This was the first book I read after I was furloughed, coincidentally. It was appropriate almost, because I would become a lot lonelier after that event, no longer going to work and having to spend more time by myself. The Lonely City is not only about being lonely, this nonfiction work by the author investigates the different types of loneliness and how artists she researched in New York used and lived through their own version of loneliness. I was more fascinated by this book more than I thought, and the writing itself is more invigorating than the description makes it out to be. You may be wondering why this is one of my favorites even though I gave it 3 stars. This book was one of my favorites, because it was wholly unexpected and more emotionally investing for me than I thought. I have an art background, but had not pondered the concept of loneliness shown through art and the lives of artists until reading this book. I live a more solitary life in general by choice, and am content with it, and I have not seen the experience summed up so well in a book before. But maybe if you’re quarantined, do not read this book. Link to description
4. Death in Her Hands by Ottessa Moshfegh (2020)
Finished: August 4
Ottessa Moshfegh has become one of my favorite authors in the last few years, and I talk about this in my review as well. I was really excited for this book to come out in 2020, despite the release date being pushed back due to the pandemic (probably). And when it finally came out, I was pleasantly surprised by how creeped out this book made me feel. There were so many eerie moments and details that created a strange sense of dread in me. I remember really trying to figure out the mystery of this one. Even though there were a lot of slow moments, I kept wanting to figure out how this book was going to end the entire time. It was one of my favorites, because of how this book made me feel in the end, which I believe was the author’s intention. I also love Moshfegh’s writing in general. Link to description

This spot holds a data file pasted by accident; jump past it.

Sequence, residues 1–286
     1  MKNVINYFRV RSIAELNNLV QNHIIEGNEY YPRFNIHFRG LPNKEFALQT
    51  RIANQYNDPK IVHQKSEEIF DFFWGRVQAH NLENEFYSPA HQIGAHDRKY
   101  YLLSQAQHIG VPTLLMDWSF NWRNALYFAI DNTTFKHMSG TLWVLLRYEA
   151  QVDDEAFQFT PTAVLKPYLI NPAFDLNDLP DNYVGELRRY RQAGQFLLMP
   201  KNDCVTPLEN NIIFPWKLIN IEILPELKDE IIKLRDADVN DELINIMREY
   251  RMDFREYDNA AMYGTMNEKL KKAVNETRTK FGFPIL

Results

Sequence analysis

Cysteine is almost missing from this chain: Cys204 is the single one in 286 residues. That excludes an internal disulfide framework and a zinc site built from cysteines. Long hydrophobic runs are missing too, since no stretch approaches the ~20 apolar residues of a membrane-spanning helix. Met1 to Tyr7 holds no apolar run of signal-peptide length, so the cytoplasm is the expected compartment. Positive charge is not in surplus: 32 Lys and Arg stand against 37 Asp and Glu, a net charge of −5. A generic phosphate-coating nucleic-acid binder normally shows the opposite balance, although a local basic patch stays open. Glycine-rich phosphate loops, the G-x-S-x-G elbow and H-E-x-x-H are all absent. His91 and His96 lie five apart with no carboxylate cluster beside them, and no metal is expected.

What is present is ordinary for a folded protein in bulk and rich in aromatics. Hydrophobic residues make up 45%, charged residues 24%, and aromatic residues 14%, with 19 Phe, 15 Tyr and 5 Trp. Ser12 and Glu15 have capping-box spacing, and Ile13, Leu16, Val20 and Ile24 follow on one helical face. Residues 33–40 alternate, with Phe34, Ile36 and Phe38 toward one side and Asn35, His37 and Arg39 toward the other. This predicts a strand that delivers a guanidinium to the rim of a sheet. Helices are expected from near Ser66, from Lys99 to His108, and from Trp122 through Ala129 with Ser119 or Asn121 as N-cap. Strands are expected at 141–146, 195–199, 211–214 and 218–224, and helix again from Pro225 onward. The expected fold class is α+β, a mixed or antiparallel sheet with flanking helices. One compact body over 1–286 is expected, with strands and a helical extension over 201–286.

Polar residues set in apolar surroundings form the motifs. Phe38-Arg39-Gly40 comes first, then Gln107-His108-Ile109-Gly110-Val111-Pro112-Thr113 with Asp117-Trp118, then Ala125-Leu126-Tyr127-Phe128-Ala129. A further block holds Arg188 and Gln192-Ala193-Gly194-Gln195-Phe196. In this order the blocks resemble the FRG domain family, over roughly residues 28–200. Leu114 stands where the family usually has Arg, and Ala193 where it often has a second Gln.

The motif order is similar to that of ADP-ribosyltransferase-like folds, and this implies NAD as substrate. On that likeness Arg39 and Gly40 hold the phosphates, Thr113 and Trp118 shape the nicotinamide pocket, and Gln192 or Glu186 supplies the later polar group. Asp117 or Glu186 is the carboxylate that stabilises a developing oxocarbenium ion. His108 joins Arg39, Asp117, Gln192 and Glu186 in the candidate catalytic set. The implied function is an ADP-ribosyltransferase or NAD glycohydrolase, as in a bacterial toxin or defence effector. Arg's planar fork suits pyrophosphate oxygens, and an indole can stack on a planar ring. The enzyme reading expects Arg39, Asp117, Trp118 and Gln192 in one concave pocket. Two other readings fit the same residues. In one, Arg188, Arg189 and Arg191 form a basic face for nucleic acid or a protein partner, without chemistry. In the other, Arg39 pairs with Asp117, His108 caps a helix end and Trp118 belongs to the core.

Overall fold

5. The Undocumented Americans by Karla Cornejo Villavicencio (2020)
Finished: November 11
This book was wholly original and the narrative was fantastic. A work of nonfiction, The Undocumented Americans follows the lives of undocumented persons living in the US and their stories. The stories were intimate and invited the reader into the lives the author interviewed. Villavicencio changed names and some details to protect privacy, but the stories are true. I talk about this in my review as well, but the main reason I loved this book was because it was not just a puff piece trying to change the reader’s hearts about undocumented Americans. But more like an expose into the day-to-day lives of how their status and backgrounds affect their way of life unlike others who have the privilege of being born in the US. It’s not only about the negative social and policy issues someone watches in US news, but how undocumented Americans work as hard as anyone else and the obstacles mentally and physically they face with uncertainty and courage. It’s not ‘poverty porn’ as they call it by any means, its only real life and educating the reader. I highly recommend this book to anyone who lives in the US, despite how one feels about illegal immigration policy. I also enjoyed the author’s perspective as well, coming from an undocumented American who sought out to write a book about friends and strangers who face similar or different issues. As you can see by how passionately I talk about this book, it is definitely one of my favorites. Link to description
Side Note: list is not in any particular, sequential order